(For Irpin, Ukraine)
Carried on the back of a generous stranger,
an old woman takes only what she can
hold in her bare hands as they cross
a shaking plank of wood placed over
the rubble of what was once
a concrete bridge. Cold river washes over
the feet of the generous stranger, but
he is steady. In the hard wind
which smells of burnt plastic and gunpowder,
the woman clutches the photo of her son who died.
On the bent fourth finger of her left hand,
her mother’s wedding ring rests
on top of her own as she hopes
to sell them both for food if they make it
to Poland. Behind her and the generous stranger,
her daughter sludges along, holding a
small stool for her mother to rest upon.
Wrapped in headscarf and coat but shivering
still, the daughter also carries their cat
in a soft canvas sack slung over her shoulder.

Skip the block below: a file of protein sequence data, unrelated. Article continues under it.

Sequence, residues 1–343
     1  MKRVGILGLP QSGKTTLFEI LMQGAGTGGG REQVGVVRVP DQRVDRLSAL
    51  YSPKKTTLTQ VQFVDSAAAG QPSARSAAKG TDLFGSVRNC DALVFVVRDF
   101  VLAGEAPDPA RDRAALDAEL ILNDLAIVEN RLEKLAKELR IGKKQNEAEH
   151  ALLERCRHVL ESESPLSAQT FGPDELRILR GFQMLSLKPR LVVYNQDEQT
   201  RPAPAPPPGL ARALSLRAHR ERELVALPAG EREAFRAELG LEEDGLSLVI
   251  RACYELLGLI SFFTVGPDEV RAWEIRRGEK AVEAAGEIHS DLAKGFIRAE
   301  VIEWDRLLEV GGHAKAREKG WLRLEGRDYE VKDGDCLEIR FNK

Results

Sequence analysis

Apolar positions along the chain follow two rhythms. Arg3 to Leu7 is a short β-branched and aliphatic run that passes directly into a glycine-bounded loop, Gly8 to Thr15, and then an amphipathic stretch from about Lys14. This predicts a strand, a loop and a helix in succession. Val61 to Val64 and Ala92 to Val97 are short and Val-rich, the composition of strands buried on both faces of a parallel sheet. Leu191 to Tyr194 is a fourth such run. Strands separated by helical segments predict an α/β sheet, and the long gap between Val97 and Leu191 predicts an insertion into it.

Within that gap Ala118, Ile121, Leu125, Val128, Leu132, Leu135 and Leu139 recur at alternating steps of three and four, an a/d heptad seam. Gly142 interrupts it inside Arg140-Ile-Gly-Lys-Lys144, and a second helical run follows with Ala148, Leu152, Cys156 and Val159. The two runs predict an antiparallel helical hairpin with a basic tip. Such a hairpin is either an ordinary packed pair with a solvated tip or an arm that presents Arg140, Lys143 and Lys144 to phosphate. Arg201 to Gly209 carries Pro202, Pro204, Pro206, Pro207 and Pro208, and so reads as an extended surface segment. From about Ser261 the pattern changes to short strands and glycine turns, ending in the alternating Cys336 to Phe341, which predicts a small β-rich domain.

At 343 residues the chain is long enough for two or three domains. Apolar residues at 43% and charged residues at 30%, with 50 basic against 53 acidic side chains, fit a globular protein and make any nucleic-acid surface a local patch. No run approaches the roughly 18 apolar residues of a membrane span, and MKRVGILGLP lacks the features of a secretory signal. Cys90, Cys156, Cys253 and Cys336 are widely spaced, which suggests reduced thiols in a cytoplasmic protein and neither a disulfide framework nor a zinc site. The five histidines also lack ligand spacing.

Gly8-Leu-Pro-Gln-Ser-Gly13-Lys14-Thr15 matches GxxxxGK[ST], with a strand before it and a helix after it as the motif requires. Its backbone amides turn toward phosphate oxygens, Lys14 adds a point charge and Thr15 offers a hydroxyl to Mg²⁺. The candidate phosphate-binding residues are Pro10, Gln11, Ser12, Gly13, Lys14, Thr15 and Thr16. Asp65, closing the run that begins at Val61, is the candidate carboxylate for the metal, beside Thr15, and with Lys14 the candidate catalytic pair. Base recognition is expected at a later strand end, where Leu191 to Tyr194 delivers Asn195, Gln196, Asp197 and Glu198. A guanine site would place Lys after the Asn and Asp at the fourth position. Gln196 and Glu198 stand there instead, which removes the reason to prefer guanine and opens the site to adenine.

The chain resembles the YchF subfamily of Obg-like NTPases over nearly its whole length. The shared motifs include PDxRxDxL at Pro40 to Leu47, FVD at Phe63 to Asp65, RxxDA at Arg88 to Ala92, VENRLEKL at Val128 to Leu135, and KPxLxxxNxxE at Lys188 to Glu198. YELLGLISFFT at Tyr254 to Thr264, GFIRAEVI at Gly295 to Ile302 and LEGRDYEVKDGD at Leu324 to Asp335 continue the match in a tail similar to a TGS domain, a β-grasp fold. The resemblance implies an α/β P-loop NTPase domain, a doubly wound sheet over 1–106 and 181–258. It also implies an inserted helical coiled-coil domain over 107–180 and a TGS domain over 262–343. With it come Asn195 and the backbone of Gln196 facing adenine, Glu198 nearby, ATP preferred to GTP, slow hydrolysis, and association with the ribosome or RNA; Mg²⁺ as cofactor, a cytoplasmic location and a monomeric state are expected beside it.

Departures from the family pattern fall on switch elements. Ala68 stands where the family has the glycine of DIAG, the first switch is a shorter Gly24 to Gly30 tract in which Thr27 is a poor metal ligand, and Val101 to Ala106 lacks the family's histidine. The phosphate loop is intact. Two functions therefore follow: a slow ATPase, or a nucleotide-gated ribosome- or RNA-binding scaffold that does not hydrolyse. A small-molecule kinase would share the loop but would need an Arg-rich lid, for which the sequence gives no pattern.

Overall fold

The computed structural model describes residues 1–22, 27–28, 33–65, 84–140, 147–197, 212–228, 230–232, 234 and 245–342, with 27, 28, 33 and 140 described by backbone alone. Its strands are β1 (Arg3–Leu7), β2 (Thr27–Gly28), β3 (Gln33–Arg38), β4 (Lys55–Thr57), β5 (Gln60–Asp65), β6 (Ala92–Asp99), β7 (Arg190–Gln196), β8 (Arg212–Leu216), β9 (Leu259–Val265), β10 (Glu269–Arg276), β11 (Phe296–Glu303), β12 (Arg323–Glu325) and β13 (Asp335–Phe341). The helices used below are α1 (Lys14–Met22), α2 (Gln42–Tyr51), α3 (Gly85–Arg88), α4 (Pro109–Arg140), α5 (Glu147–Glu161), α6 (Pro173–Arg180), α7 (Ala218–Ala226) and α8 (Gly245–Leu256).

The animal is strangely quiet as if she fears
her howls might bring the cruel whistle of
more Russian missiles. Behind them all,
Irpin, Ukraine burns into ruin and wreckage.
The generous stranger, breathing heavily
from the weight of the old woman, steps
over a dropped shoe and keeps walking.
About the Poem
As I read the news accounts of volunteers carrying the infirm and elderly across wooden planks over the Irpin River while Russians still sporadically fired mortars, I had to marvel at such bravery—and such compassion. This is my tribute to those generous strangers who in the midst of such horror reach out to help others. While the detail about the stool is taken from a Washington Post news story, other details are imagined. The phrase “generous stranger” appears in the Post’s news story.
About the Author
Claire Matturro has been a journalist, a lawyer, and a legal writing teacher at Florida State University and University of Oregon. She is the author of seven novels, including a legal thriller series published by HarperCollins and co-authored a recent novel. She is an associate editor at Southern Literary Review.